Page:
Tyers, Kathy

About the Author:


Born in Long Beach, California, USA, Kathy Tyers now lives in southwestern Montana with her husband, Mark, and one son.



3.5 out of 5

(2 books)

Star Wars: The New Jedi Order - Balance Point

The sixth book of the NJO series, set 26 ABY.  I didn't really enjoy Tyers' return to the Star Wars universe much.  For starters, it doesn't develop the characters much.  Jacen is supposed to be undergoing some sort of self-discovery, but ultimately he ends up back as square one.  I was pleased to see Han and Leia finally get back together, simply because I was finding their marital breakdown to be boring, unlikely and frustrating. 

Speaking of unlikely, that word sums up the book's plot problems.  Han and Jacen are on Duro where they are joined by an injured Jaina, all well and good.  But then it turns out that Leia is on Duro too, overseeing the refugees.  And then Luke, Mara and Anakin travel to Duro on a completely unrelated mission.  So by a ridiculous series of coincidences, all the main characters find themselves together, stretching plausibility to breaking. 

The action here is pretty unremarkable and the political maneuvering is transparent at best.  It's not all bad, as we are introduced to the psychotic Yuuzhan Vong Warmaster, Tsavong Lah.  Another good bit has Anakin and Luke fighting a public duel.  Ultimately, however, this book just isn't up to the high standards set by the previous NJO novels.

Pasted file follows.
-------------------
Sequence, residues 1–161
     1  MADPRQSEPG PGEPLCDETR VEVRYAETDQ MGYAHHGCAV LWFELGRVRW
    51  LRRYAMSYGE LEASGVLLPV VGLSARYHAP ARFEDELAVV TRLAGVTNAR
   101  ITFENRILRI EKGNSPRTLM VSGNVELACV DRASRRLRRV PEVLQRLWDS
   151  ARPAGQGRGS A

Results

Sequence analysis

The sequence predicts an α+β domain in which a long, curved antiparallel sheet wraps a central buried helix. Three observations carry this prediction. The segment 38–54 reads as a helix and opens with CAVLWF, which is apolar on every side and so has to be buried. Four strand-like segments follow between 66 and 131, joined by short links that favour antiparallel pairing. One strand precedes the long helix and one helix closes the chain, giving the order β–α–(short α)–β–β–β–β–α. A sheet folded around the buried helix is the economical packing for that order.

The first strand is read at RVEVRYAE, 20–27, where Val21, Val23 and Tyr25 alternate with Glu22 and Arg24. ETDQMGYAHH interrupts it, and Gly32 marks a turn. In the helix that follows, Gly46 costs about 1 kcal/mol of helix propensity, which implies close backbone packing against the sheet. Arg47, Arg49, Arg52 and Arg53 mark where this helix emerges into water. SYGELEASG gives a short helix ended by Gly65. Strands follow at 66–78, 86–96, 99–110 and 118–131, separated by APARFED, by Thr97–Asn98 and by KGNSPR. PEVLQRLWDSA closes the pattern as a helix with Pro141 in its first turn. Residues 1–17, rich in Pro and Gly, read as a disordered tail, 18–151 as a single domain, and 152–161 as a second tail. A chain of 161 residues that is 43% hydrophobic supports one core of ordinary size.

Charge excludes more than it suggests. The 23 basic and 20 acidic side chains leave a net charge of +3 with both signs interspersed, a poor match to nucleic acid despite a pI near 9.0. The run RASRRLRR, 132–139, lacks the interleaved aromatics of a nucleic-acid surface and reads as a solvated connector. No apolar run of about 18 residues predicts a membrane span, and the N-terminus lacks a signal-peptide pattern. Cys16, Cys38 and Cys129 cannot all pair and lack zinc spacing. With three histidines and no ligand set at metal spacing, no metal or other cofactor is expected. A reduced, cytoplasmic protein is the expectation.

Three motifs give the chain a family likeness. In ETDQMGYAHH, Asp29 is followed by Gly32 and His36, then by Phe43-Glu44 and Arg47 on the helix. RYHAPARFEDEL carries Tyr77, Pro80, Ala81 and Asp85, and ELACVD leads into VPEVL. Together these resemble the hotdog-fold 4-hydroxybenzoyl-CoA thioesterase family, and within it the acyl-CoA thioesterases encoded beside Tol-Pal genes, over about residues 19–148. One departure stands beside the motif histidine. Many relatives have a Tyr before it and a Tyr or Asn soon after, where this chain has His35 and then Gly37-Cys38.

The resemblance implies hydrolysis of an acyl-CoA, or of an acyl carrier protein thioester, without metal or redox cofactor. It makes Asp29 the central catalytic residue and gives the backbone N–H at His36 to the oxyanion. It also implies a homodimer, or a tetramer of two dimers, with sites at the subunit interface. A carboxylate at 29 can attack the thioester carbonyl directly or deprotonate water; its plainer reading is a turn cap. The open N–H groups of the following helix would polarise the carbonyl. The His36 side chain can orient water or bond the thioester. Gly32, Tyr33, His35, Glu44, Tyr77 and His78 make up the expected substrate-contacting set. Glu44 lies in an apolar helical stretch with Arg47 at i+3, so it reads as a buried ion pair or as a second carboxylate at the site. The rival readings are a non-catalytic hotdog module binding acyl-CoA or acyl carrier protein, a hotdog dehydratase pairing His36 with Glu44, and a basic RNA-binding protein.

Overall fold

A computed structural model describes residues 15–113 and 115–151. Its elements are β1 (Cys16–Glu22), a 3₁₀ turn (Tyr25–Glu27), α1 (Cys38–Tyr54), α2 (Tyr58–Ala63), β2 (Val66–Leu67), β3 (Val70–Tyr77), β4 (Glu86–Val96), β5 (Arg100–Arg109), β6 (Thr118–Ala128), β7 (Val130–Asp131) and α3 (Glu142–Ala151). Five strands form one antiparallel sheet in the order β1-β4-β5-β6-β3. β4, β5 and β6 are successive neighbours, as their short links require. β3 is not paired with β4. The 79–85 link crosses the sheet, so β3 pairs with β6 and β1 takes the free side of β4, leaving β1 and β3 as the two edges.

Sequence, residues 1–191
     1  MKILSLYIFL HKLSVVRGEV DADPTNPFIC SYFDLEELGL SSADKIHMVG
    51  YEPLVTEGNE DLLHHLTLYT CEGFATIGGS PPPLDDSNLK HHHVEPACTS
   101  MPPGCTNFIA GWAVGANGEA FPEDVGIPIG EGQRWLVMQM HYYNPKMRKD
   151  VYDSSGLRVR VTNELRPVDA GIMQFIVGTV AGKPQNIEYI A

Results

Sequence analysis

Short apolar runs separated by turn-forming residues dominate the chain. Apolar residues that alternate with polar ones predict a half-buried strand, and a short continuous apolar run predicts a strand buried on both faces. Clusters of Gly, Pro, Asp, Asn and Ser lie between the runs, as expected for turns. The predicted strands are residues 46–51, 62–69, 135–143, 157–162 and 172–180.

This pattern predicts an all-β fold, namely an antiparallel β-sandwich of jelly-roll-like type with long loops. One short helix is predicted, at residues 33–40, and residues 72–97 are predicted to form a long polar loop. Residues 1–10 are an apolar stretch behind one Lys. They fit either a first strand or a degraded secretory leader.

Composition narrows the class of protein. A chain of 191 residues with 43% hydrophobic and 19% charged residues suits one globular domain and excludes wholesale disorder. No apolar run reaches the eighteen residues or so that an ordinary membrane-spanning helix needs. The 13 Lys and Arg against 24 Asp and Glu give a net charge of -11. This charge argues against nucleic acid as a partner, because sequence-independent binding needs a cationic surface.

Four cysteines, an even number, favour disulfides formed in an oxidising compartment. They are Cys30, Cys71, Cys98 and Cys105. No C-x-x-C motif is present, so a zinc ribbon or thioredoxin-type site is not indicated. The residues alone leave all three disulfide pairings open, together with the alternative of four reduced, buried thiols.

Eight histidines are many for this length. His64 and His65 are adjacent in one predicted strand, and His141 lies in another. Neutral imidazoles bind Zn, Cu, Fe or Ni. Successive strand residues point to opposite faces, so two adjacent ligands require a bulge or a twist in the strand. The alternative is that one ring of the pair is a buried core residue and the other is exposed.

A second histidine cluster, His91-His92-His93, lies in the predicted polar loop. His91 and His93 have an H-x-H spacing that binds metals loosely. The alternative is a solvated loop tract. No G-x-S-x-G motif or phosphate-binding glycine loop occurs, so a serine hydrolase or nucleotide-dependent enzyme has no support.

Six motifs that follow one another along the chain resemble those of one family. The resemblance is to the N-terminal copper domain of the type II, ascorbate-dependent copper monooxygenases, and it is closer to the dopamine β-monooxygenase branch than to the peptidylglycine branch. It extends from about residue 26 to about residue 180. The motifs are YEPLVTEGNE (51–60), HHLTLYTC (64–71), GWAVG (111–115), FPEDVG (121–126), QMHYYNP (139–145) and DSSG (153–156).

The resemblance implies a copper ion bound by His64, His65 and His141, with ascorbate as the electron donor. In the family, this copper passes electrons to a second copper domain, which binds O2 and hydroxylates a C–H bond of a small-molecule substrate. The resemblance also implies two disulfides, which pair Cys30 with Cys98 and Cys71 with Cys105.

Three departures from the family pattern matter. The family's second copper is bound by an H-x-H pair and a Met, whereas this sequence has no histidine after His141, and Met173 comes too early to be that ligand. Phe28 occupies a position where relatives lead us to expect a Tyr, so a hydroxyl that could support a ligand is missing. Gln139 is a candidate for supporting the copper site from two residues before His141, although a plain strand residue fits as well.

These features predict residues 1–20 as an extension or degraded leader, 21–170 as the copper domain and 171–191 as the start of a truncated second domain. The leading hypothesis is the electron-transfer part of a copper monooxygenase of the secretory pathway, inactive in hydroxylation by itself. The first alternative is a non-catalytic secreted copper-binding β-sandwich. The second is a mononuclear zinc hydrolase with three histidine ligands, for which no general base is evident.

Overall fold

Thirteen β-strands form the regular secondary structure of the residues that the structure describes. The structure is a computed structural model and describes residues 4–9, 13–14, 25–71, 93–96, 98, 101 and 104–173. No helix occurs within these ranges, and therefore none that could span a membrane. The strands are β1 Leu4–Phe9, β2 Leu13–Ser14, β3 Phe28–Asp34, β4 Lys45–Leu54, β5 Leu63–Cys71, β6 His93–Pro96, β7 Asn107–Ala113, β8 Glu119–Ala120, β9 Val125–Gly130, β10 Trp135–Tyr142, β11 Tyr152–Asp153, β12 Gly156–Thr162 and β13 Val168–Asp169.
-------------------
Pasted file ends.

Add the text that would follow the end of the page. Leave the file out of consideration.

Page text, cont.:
Followed by Greg Keyes' 'Edge of Victory I: Conquest'.

3 out of 5


Star Wars: The Truce At Bakura

4 ABY.  Beginning the day after 'Return Of The Jedi', this book is one of those upon which the Star Wars Expanded Universe was built.  It was the first time I really thought about the fact that then end of 'RotJ' couldn't possibly be the end of the war, as here the Rebel heroes travel to the remote planet Bakura to aid an embattled Imperial garrison and gain a political victory. 

The enemy the Rebels and Imperials face is an interesting new one, the Ssi-ruuk, a reptilian race who use human life-energies to power their machines.  I had watched a lot of Star Trek before reading this book, however, and as such the Ssi-ruuk came off looking like a lacklustre imitation of the Borg.  The battle scenes are well written and Luke's attempts to win the affections of a girl who is morally opposed to his very existance make for entertaining reading. 

What I liked most about this book is Han and Leia's relationship.  It's before they drift apart in Dave Wolverton's 'The Courtship Of Princess Leia' and even further before they become the married couple of the Thrawn trilogy and beyond.  Here Han and Leia are still exploring the passion and love that they can finally admit to themselves and each other and this makes for some compelling moments for these two classic characters.  Leia gets a brilliant scene on her own too, where Anakin Skywalker's ghost visits her to beg her forgiveness, but she still thinks of him as Darth Vader and is incapable of accepting that she is his daughter. 

Generally a fairly good book and an important read for anyone just setting out in the EU.

Followed by Matthew Stover's 'Luke Skywalker and the Shadows of Mindor'.

4 out of 5

Collaborations & Anthologies:

Star Wars: Tales From Jabba's Palace (here)

Star Wars: Tales From The Empire (here)

Star Wars: Tales From The Mos Eisley Cantina (here)

Star Wars: Tales Of The Bounty Hunters (here)


Star Wars (here)